Humorless and "bullheaded," Knowland built his reputation on his role in post-war foreign policy. Following a trip to the Far East, he focused his attention on China, defending its nationalist government against the communist regime. An adamant member of the "China lobby," he opposed the country's entrance into the United Nations after the fall of Chiang Kai-shek.
Knowland decided not to campaign for reelection in 1958, as he hoped to eventually run for the presidency and believed that he had a better chance at the White House if he first served as California's governor. After a rough primary, Knowland lost the gubernatorial election by more than a million votes. His political career essentially dead, the former Senate leader resumed his publishing duties at the Oakland Tribune. In later years, he worked for the economic development of the Bay Area while his personal life dismantled around him. Heavily in debt and facing a second divorce, Knowland died in 1974, the apparent victim of a self-inflicted gunshot wound.
[Bio excerpted from the United States Senate website]
Joseph Russell Knowland (1873 – 1966) Plot 13, Lot 62
A native of Alameda, Joseph R. Knowland was educated in Alameda schools, the John Hopkins School in Oakland, and the University of the Pacific, at the time located in San Jose.
After graduation, he entered his father’s business, wholesale lumber and shipping, and in 1898 when he was 25, he was elected to the California State Assembly where he served for two sessions. Next, he was elected to the State Senate and became chairman of its Banking Committee, followed by service in the U. S. Congress from 1904 to 1915, where he secured significant funds to improve Oakland’s harbor and the Tidal Canal.
On his retirement from public office in 1915 he became publisher of the Oakland Tribune where he used his voice for the next fifty years to push for good government. He conducted a study of the administration of justice in California that led to the enactment of four initiatives creating the State Department of Justice. Over a period of some sixty years as chairman of the Historic Landmarks Committee of the Native Sons of the Golden West, he visited virtually every spot of historical interest in the state, dedicating plaques and monuments to designate them for posterity. He played a leading role in the effort to preserve and restore California’s missions, and was Chairman of the State Park Commission from 1937 until he retired in 1960.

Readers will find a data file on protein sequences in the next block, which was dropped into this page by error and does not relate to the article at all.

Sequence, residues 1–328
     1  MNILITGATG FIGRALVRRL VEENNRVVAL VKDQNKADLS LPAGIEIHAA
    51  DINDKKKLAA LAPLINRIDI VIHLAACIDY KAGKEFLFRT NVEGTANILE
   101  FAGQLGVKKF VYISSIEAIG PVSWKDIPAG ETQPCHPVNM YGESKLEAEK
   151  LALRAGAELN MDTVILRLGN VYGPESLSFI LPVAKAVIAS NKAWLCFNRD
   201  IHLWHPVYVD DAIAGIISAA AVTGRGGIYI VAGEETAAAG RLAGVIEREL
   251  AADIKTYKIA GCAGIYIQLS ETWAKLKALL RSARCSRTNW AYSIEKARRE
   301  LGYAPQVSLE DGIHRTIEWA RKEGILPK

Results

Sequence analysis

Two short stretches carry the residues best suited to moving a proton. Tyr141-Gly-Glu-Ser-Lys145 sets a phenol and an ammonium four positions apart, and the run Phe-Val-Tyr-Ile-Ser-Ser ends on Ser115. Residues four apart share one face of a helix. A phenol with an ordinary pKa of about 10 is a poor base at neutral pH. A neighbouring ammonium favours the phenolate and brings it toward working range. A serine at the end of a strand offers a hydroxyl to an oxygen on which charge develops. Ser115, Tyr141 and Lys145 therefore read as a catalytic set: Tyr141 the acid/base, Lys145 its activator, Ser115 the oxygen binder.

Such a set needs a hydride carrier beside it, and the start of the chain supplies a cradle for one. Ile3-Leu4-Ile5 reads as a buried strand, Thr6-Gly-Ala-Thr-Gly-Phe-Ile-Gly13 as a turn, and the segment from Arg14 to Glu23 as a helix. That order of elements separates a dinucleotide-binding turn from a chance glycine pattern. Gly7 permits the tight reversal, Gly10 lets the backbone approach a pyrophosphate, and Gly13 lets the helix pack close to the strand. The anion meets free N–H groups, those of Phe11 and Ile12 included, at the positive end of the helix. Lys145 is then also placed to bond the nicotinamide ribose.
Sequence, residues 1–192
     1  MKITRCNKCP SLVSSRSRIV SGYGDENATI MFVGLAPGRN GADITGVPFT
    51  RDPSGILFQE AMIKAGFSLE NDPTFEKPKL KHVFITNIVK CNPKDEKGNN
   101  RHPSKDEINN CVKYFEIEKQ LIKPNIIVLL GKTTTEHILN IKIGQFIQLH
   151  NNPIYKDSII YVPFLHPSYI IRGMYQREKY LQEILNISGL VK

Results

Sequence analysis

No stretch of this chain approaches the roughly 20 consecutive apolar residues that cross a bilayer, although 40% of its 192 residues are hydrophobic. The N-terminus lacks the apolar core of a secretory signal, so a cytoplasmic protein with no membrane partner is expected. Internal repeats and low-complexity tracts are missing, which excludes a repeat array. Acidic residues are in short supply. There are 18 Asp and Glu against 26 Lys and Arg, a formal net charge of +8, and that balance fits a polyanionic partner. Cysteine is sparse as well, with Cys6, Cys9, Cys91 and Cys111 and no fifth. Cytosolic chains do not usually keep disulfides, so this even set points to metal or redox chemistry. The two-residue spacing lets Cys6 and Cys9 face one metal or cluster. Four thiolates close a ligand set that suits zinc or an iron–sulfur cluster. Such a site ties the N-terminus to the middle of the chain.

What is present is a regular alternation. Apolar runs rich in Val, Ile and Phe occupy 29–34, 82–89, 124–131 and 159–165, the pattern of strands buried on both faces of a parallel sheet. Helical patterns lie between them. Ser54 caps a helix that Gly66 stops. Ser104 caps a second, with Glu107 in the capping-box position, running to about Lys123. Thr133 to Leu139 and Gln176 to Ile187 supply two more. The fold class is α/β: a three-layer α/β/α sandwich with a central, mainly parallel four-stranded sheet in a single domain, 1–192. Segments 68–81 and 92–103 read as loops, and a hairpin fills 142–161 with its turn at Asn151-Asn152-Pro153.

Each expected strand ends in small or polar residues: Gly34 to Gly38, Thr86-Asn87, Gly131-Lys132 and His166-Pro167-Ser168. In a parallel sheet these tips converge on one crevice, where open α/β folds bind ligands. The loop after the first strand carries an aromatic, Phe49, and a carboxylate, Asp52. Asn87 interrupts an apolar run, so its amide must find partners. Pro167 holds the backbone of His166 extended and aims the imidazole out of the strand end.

He served on the boards of several companies including the Associated Press, where he was a director for 28 years. At one time or another he was President of the California Historical Society and was the long-time chairman of the State Board of Beaches and Parks. He was an inductee into the California Newspaper Hall of Fame.
(Information courtesy of the California Newspaper Hall of Fame)
Emelyn Knowland (1884-1950) – Wife of Congressman; Mother of U.S. Senator
Emelyn West Knowland was born Craddockville, Virginia to a family that dates back to Colonial America and included governors of the state.
In 1908 she married then Congressman Joseph R. Knowland. Until 1915, the Knowland had homes in both Washington D.C. and Alameda, California. They later moved to their permanent resident at 25 Sea View Avenue in Piedmont.
She was a board member of the Women’s Athletic Club and the Ladies Relief Society of Oakland.
Her sons were United States William F. Knowland and Joseph R. Knowland, Jr., the assistant publisher of the Oakland Tribune.
[Bio by Michael Colbruno]